Made in collaboration with Kasia Reilly, Isaac Levine, Lucas Grant, and Nicole Patrick.
In the collaborative class Dance and the Related Arts, we split into small groups, were given prompts and artists' work to think about, and made original performances. I had the great fortune of working with Isaac Levine (Performing Arts Technology), Kasia Reilly (Dance), Lucas Grant (Composition), and Nicole Patrick (Percussion). Our process was a lot of fun, since we started our first couple meetings outside of class at a local thrift store. The creative energy between us was electric, and our styles fit together harmoniously.
We ended up exploring themes of time-out and cycles, using fans and waves as motifs. We separated it out into four sections, of varying levels of reality. Each member except me was in charge of the generation and direction of each section, while my role was more of a stage-managerial, tech director, visual consultant role. The piece is about 15 minutes long and moves between four sections.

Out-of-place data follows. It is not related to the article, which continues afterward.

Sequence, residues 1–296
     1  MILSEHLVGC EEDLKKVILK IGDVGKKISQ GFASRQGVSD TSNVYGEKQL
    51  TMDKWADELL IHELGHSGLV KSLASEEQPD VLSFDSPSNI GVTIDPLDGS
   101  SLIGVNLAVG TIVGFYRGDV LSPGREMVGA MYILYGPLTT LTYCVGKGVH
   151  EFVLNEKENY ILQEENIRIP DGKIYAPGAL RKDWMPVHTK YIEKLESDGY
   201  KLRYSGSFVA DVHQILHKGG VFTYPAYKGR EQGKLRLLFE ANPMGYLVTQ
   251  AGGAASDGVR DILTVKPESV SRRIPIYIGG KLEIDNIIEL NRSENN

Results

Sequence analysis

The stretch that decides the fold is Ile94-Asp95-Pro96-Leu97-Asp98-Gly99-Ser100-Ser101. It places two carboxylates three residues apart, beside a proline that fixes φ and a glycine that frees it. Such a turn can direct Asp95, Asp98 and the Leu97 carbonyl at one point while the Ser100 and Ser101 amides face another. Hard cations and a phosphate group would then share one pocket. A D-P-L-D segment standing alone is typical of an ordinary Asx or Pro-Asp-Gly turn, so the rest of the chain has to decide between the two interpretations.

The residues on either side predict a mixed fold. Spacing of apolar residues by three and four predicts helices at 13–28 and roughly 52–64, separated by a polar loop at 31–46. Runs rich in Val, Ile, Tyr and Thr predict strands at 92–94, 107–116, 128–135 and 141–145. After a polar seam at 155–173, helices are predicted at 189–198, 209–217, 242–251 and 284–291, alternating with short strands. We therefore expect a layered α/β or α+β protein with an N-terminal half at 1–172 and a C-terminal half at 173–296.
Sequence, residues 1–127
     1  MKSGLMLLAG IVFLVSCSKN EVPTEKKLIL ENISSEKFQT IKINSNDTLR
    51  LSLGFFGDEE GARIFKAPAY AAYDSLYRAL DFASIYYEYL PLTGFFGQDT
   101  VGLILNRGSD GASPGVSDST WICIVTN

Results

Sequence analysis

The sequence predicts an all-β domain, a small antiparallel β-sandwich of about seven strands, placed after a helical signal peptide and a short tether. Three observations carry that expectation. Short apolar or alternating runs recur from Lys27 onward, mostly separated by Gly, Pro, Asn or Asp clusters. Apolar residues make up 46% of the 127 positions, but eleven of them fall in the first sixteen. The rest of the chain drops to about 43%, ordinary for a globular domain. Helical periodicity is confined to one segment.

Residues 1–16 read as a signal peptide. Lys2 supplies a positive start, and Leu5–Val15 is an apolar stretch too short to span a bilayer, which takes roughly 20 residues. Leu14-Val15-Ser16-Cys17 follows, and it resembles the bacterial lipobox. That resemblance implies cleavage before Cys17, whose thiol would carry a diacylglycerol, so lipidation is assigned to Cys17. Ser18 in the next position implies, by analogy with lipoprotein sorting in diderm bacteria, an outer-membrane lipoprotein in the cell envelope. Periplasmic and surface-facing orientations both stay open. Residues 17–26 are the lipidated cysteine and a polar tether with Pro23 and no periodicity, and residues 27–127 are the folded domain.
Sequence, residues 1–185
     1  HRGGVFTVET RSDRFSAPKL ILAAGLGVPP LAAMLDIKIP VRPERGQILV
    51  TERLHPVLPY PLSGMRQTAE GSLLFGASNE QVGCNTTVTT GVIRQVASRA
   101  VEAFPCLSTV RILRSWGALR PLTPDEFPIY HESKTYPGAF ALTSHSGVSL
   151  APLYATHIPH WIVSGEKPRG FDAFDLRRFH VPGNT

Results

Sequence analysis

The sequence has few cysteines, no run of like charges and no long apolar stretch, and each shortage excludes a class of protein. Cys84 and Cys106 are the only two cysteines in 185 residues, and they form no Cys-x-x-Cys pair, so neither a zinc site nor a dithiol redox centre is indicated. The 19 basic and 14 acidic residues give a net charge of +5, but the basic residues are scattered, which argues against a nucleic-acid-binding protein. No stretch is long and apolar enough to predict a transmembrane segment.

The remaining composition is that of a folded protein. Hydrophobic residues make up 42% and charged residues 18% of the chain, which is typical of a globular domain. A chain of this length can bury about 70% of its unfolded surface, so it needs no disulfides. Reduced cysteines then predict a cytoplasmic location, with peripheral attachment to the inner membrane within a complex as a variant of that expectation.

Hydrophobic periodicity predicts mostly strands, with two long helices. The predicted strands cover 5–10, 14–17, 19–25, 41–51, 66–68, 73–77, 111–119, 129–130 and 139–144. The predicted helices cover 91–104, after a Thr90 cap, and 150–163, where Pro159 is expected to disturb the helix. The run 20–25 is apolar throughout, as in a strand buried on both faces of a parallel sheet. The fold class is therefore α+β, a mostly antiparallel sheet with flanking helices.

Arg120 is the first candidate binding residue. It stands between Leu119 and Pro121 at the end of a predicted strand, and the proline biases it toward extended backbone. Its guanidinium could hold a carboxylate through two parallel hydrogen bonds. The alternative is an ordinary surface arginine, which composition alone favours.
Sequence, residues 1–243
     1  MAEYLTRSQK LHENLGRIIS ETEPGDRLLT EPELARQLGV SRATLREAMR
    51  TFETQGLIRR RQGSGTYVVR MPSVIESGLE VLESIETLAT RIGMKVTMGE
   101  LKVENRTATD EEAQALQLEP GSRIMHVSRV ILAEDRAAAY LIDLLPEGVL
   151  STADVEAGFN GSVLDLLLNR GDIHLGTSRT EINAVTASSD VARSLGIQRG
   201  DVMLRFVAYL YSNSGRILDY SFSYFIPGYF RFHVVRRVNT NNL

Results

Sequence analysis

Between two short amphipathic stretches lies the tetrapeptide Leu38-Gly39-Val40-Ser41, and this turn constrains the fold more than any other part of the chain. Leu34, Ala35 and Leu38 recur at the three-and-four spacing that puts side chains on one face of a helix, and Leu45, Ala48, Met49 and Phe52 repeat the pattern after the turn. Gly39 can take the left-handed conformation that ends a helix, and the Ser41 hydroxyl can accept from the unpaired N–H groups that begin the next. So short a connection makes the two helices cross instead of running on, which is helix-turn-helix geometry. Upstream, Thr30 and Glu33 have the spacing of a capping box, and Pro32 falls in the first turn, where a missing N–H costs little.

The first section is set up as a (poor quality, awkward, community broadcast style) talk show interview with a fan, which then moves into an abstract and minimal movement section that uses live-processed sound from the fan that morphs into beach-like sounds. Then a young character has a conversation with the fan, and the fan responds via three people's movement while nonsensical language is projected behind. We end with a simple yet touching children’s story about time-out, That ties everything together. It's illustrated using an overhead projector and shadow-puppet-like animation elements by hand, scored by more toy piano.
"As each work moved from detailed scene to scene, it seemed that legibility was not an important goal of any of the work. Each performance seemed to rely instead on a well crafted internal logic to convey a sense that there was meaning to be made, without explicitly pointing to any meaning. Nothing was apparently conveyed, instead each work relied on creating a gestalt born of whimsy and senselessness."
-Charles Gushue, in an academic review of the whole show